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Board Of Directors

Meet William E. Wrang III, '75, Chair

Bill Wrang says he was like a lot of kids in middle school, a bit mischievous, certainly not thinking all that much about his future.

And then he landed at Xavier High School, and those four years would shape his life.

“The Xavier experience and the impact of the Xaverian Brothers were unbelievable for me,” Wrang said. “It really changed me in terms of the type of person I was and my focus … I guess I grew up quickly in a short period of time.”

And now, more than 40 years later, the 1975 Xavier graduate and executive at Webster Bank is Chairman of the Board of Directors at the school. He has gone full circle, from student to board chair, with a lot of other community involvement in between.

Wrang said his biggest priorities for Xavier are increasing enrollment and making sure the school operates on a balanced budget.

“We want to continue the mission of the school and the viability of school so it’s around for young boys for many years to come,” Wrang said.

Being community-minded comes as no surprise. While he goes by Bill, he officially is William E. Wrang III. And the Wrang name carries with it longtime ties to the Middletown community.

Bill’s grandfather was a doctor in Middletown who at one time was a part owner of the Boston Braves. He died when Bill was seven, but Bill remembers his grandfather’s raccoon coat and top hat and Cadillac convertible. Most stories about his grandfather, a beloved doctor in town, come from others.

Bill’s father, William E. Wrang Jr., was a longtime salesman who sold Cadillacs and Buicks at F.L. Caulkins on Main Street in Middletown and also was a state marshal. He was an exalted ruler of the Elks in Middletown and also involved in politics and civic groups.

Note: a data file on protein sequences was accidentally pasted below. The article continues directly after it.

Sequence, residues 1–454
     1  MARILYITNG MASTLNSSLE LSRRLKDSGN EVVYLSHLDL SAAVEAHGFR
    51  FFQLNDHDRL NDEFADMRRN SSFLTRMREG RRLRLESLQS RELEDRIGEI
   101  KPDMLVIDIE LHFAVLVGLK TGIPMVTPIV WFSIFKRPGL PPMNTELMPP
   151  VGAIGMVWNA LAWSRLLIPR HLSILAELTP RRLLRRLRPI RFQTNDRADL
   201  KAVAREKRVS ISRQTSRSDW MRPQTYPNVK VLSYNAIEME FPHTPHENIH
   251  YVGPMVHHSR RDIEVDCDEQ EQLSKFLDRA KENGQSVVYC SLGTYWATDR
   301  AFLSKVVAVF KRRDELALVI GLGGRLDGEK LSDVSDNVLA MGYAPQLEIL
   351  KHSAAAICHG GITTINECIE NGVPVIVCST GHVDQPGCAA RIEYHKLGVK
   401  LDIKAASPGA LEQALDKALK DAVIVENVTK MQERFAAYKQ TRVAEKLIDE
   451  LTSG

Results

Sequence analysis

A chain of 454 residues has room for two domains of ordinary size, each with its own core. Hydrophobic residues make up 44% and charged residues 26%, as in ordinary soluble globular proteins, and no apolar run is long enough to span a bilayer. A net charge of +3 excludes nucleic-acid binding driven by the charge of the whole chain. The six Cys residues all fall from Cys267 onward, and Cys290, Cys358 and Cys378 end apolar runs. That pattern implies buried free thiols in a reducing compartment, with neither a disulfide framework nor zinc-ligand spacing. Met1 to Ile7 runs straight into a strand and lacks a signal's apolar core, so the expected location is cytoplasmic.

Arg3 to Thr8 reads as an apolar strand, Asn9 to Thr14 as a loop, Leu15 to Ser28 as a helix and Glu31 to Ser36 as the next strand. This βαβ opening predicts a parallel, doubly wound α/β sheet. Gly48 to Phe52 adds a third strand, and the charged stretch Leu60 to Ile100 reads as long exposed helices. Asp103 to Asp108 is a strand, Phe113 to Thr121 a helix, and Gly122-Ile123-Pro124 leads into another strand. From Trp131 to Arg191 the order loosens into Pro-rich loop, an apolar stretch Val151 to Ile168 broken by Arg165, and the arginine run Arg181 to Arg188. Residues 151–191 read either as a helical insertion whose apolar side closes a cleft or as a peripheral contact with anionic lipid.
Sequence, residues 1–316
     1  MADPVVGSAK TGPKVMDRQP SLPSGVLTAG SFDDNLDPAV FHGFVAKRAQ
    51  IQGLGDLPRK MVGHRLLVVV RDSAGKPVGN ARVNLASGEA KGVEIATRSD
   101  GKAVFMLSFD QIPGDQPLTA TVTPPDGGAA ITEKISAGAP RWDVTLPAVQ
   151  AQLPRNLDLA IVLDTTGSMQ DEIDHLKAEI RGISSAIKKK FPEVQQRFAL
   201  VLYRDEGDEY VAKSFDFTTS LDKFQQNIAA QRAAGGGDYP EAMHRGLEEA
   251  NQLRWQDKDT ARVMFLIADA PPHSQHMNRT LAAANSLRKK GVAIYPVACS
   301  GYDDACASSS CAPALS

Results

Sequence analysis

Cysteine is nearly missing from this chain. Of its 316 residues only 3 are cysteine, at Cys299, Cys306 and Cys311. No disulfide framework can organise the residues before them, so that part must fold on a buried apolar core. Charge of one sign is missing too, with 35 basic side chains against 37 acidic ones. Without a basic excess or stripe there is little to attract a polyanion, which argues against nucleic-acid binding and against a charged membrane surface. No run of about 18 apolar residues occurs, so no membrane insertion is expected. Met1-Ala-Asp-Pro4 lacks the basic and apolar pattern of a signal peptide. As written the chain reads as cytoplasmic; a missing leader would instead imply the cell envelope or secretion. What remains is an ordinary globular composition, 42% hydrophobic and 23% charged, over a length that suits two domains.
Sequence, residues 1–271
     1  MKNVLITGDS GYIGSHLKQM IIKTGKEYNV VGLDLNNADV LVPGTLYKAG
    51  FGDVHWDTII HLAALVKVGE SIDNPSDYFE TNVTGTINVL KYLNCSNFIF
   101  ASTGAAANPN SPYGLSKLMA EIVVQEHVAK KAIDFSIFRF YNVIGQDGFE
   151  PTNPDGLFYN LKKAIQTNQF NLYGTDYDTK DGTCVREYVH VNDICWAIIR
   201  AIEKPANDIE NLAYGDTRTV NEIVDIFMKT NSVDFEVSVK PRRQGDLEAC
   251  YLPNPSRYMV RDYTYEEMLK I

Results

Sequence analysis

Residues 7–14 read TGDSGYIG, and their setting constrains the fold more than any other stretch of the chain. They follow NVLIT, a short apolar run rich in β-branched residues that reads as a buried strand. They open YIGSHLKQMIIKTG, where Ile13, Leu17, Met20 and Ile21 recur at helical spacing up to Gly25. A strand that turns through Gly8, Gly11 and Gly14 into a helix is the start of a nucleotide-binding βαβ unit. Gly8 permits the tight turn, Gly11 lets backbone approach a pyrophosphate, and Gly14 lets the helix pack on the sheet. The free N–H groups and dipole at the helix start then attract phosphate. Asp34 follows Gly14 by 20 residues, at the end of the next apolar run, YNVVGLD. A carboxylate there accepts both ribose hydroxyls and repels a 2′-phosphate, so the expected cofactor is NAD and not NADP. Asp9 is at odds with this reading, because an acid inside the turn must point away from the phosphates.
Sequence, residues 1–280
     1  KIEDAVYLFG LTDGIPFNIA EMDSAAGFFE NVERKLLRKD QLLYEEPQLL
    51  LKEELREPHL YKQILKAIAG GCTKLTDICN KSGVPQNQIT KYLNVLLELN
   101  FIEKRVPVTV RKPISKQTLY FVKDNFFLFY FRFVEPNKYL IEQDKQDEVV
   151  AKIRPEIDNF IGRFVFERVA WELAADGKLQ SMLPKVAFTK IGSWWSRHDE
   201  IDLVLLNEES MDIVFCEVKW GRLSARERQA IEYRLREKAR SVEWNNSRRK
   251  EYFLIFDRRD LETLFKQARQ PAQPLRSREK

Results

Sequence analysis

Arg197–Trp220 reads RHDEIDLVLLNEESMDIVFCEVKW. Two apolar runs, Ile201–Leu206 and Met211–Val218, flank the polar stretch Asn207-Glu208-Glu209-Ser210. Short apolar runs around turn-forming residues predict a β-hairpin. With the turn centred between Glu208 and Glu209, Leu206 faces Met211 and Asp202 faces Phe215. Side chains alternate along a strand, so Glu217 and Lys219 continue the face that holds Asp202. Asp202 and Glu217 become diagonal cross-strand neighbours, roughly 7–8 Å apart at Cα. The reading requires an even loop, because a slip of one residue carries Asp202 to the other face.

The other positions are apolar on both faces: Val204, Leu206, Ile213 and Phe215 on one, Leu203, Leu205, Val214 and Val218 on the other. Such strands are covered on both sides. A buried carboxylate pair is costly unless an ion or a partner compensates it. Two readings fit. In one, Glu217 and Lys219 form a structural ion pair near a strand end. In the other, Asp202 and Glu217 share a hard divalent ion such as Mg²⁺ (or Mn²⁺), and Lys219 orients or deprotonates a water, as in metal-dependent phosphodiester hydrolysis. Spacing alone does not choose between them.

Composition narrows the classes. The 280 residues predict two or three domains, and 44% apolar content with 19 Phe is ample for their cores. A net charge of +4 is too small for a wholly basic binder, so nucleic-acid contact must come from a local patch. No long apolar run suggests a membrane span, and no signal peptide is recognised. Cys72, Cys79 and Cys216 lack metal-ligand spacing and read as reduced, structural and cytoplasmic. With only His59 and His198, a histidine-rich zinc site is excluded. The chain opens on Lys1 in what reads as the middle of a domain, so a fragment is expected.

“My father instilled in me a strong work ethic, morals, values ... he was a good man, someone I admired and looked up to,” Wrang said.

His father also taught him about taking care of himself and the value of running. William E. Wrang Jr. was a smoker and it was not until a doctor told him that he better start taking care of himself that he turned things around. He started walking in his mid-40s and running in his late 40s.

“Some of my fondest memories are from college on, when he was running and I was running, and we did marathons together,” Wrang said.

Years ago Wrang started a scholarship with his father in memory of his grandfather.

“Initially it went to a junior going into his senior year who had a prowess in the sciences,” Wrang said. “Now we’ve used it to bring an inner-city student from Covenant Prep in Hartford that was started by a good friend of mine. We supplement the boy’s tuition so he can go to Xavier."

There also is a plaque in the music suite that was from Bill and his wife Heidi’s gift for the capital campaign. That is in memory of Bill’s father.

When Bill was young he remembers his father working a lot at the dealership, and that would pay dividends when Bill was old enough to drive. He’d hang out at the dealership, change the oil in the car.

After Xavier, Wrang went to Merrimack College. He was a summer intern at Liberty Bank on Main Street in Middletown and got into a management training program. As he said, he graduated on a Sunday in May of 1979 and started work on that following Monday.

He found out quickly that the lending part of the banking business intrigued him and stayed at Liberty for about 3 ½ years. He then went to Aetna as he was finishing his MBA. At Aetna he got into the real estate lending side, moving up the ladder to a Managing Director–Vice President, but when Aetna changed more into a health care company, he knew he needed to move on because providing commercial real estate loans was his passion.